The IRS has created several forms in the 1099 series, but this article focuses on the 1099-NEC because it is applicable for so many of our clients. Form 1099-NEC (nonemployee compensation) is an Internal Revenue Service (IRS) form for businesses to report payments made to parties that are not employees. One copy will be provided to the contractor, and one will be submitted to the IRS. One of the most common questions we receive is, “Do I have to issue a 1099?”
If you are unsure about whether you should issue a 1099, ask yourself the following questions:
Who am I paying?
First, this form is not required for personal payments, so you should only issue one for payments you made in the course of a trade or business.
Furthermore, the recipient should be a freelancer or contractor, not an employee that you provide a form W-2. Someone is considered an independent contractor if they are self-employed or contracted to perform work to another business as a nonemployee. This distinction is important because you do not have to withhold income taxes or withhold and pay employer Medicare and Social Security taxes from an independent contractor’s payments.
What if I’m paying a business?
Form 1099 is issued to all “persons” but corporations. Persons include individuals, sole proprietorships, partnerships, and most limited liability companies (LLCs). If an LLC has made an election to be taxed as an S corporation, then no 1099 is required.
In addition, if you pay an attorney, you should provide them with a 1099 even if their business is incorporated.
How much am I paying?
You are not required to provide a 1099 to someone that you paid a de minimis amount. The threshold for reporting is $600.
For example, if your business hired a painter and paid them $1,300, you should issue them a 1099. If your business hired a janitorial service to clean your office and paid them $400 per month, you should provide them with a 1099 because the total of the payments in one year of $4,800 is higher than $600.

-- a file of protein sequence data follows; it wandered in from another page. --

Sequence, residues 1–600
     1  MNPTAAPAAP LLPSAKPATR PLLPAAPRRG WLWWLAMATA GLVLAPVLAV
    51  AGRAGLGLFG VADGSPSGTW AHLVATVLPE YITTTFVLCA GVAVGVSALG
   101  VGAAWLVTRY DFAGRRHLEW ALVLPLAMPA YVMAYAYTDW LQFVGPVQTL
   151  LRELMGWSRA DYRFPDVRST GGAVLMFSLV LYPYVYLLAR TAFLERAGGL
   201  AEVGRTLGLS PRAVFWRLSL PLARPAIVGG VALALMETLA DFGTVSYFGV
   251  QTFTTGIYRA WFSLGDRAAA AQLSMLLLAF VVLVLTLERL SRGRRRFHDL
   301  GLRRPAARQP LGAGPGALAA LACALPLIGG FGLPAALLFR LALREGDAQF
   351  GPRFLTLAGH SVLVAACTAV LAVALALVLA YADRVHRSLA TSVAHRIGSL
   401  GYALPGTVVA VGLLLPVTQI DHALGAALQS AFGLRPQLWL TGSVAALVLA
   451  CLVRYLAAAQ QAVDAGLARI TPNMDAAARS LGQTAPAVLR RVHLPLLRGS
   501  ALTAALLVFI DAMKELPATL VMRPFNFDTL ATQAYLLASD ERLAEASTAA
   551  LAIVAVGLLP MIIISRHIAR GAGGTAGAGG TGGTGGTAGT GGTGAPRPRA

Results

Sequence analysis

How did I pay?
In the total you report on the 1099, you should only include payments made by cash, check, ACH transfer, or other direct means. Payments by credit card or through third-party transaction networks will be reported by the financial institution on Form 1099-K, so you should not include them. Going forward, payment platforms such as Venmo will also be required to issue 1099-Ks.
The Importance of the W-9
Every contractor that you work with should provide a completed W-9 before they provide any services.
A W-9 is an IRS form used by businesses to gather tax information from external parties. The information provided on Form W-9, such as the taxpayer identification number, is essential for completing Form 1099.
Importantly, if the payee fails to furnish his or her taxpayer identification number (TIN), they are subject to backup withholding at a 28% rate. If you do not collect and pay backup withholding from affected payees as required, you may become liable for any uncollected amount. Therefore, we recommend always collecting a W-9 before the contractor begins providing services.
Issuing 1099-NECs when required is critical to keeping your business in compliance with the IRS. The due date for payers to complete the Form 1099-NEC is January 31, so it is important to collect your W-9s and track your payments throughout the year. If you have further questions about 1099-NEC reporting requirements, please reach out to our office at 480-294-4967.